A primary health service provider in the South Island says there's a need for more Maori and Pacific healthcare practitioners.
Pegasus Health in Christchurch last week awarded scholarships to 21 culturally and linguistically diverse students studying towards a career in health.
CEO Mark Liddle says one aim of the scholarships is to encourage more Maori and Pacific students into the industry.
"There is certainly an opportunity there for more Pasifika-Maori health providers to be central to the care of their own communities," he says.
Liddle says he has seen an increase in Maori and Pacific students with different areas of interest.
"It used to be predominantly nurses and medical students but now we're beginning to see sociologists, psychologists and medical imaging."
Pegasus Health's scholarship programme has been running for 16 years. Liddle says there's been a rise in applicants and recipients over the last five years.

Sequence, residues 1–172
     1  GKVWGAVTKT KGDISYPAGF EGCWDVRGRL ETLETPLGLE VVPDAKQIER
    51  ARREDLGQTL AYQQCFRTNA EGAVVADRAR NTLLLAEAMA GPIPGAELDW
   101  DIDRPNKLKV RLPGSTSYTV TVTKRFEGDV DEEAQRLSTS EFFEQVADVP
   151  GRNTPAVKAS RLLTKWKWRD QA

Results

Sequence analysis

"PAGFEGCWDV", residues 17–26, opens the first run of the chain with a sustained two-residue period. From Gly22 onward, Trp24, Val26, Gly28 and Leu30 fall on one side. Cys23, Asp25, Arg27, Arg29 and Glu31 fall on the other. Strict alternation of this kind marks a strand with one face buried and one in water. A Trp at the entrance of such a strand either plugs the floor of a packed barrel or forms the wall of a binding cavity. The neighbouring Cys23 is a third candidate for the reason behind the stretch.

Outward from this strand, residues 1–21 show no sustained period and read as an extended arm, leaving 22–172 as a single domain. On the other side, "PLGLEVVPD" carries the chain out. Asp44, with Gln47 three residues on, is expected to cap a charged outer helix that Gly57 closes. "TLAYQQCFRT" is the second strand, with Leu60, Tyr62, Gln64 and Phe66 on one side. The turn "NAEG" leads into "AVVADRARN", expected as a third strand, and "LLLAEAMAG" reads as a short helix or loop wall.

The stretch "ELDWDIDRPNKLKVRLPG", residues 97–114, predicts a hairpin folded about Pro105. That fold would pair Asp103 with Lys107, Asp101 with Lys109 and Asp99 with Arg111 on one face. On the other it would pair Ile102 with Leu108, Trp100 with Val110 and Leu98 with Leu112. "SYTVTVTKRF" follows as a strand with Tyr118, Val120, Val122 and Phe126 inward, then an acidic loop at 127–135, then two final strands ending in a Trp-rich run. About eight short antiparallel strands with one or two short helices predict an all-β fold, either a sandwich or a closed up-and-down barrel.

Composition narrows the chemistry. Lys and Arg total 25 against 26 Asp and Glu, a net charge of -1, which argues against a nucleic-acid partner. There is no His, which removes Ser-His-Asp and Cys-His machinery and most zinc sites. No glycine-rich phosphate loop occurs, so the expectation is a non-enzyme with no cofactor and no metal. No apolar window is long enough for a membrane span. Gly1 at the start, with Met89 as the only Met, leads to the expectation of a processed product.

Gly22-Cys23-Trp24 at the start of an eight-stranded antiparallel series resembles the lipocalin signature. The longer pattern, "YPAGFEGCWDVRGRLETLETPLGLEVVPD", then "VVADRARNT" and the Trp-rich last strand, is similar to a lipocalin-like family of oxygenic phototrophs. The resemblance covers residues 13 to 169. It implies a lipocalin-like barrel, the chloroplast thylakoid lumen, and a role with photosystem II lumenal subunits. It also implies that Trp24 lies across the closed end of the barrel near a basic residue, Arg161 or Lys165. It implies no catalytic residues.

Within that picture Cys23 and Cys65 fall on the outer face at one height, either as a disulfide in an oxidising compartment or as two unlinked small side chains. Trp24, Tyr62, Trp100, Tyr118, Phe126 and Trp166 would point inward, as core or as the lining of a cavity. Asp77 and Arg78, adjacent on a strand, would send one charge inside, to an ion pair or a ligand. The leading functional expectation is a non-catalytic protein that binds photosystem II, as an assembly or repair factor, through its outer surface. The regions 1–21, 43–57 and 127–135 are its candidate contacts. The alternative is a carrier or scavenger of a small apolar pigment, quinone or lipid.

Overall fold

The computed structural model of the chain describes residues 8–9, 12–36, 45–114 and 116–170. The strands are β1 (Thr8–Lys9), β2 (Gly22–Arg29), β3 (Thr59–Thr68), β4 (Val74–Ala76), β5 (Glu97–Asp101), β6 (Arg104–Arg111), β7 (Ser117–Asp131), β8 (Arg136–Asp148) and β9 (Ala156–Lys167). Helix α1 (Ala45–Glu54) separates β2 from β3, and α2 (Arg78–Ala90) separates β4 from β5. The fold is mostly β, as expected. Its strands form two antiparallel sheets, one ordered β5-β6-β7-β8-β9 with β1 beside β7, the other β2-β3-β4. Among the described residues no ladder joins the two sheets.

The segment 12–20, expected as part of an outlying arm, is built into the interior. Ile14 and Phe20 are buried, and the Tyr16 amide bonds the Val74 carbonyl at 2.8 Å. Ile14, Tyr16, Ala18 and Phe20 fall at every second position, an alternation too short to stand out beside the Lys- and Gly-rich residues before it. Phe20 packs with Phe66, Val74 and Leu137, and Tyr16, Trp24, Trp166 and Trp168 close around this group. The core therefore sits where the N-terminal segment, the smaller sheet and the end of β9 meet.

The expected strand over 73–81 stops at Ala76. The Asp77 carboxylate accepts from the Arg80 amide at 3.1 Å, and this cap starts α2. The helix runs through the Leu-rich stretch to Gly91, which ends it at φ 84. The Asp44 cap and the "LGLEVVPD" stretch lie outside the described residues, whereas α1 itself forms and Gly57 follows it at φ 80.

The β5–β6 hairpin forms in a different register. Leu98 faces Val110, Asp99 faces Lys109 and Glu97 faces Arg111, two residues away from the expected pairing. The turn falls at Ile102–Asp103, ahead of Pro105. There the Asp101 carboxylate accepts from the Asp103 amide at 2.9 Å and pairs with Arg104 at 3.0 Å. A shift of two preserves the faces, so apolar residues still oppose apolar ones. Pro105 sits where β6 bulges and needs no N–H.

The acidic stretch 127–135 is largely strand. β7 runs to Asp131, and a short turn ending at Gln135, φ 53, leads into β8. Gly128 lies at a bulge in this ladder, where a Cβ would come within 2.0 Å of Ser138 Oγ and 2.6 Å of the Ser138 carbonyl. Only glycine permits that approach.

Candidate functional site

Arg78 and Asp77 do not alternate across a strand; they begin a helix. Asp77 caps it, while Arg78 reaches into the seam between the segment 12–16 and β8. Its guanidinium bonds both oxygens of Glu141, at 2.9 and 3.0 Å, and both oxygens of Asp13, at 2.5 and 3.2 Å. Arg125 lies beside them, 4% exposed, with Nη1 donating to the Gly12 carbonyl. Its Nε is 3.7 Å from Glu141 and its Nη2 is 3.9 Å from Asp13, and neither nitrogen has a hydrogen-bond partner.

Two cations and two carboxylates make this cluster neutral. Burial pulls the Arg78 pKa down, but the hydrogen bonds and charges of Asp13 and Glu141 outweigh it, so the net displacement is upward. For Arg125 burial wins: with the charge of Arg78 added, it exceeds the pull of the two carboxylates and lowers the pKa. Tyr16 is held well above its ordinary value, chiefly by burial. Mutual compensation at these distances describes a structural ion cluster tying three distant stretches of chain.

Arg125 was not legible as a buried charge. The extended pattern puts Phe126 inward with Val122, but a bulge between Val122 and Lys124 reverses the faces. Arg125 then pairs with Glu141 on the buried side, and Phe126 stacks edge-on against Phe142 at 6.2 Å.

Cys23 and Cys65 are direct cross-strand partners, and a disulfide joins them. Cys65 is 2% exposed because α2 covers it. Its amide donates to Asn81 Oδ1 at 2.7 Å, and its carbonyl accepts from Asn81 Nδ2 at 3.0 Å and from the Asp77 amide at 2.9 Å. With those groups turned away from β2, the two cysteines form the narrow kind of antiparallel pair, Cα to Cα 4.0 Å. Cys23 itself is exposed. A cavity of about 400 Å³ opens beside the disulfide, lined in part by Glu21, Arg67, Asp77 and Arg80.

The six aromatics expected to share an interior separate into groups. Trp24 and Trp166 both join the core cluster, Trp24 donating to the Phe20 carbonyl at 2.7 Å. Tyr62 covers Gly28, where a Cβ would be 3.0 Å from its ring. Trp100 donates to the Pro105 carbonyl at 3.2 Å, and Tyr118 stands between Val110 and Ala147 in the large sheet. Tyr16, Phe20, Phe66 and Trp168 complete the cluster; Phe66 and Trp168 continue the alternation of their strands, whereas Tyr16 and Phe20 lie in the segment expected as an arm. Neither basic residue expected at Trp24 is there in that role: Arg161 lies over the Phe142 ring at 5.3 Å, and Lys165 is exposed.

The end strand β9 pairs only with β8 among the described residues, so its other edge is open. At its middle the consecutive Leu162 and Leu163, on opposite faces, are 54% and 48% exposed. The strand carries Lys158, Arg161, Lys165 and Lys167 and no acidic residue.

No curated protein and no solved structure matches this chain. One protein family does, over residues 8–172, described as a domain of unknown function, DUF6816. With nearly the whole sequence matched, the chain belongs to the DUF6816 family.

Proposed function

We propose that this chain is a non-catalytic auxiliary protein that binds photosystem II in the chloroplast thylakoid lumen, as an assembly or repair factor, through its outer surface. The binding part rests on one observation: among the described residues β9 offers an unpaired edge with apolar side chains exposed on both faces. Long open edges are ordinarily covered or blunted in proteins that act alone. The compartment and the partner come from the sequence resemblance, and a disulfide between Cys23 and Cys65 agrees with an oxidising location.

Joshua Leota studies psychology at the University of Canterbury and is one of six Maori and Pacific scholarship recipients.
The 25-year-old plans to become a clinical psychologist and help change the over-representation of Maori and Pacific people in suicide statistics.
"Mental illness is a big problem in our community so it's the best way I could help," he says.
Recipients of the 2017 Pegasus Health Pacific Scholarships: Joshua Leota (psychology and philosophy), Charlotte Fakahau (medicine), Suli Tuitaupe (nursing), Mosana Evagelia (medicine), Faamele Tuipulotu (psychology) and Brogan Maoate (medicine). Photo/ Supplied.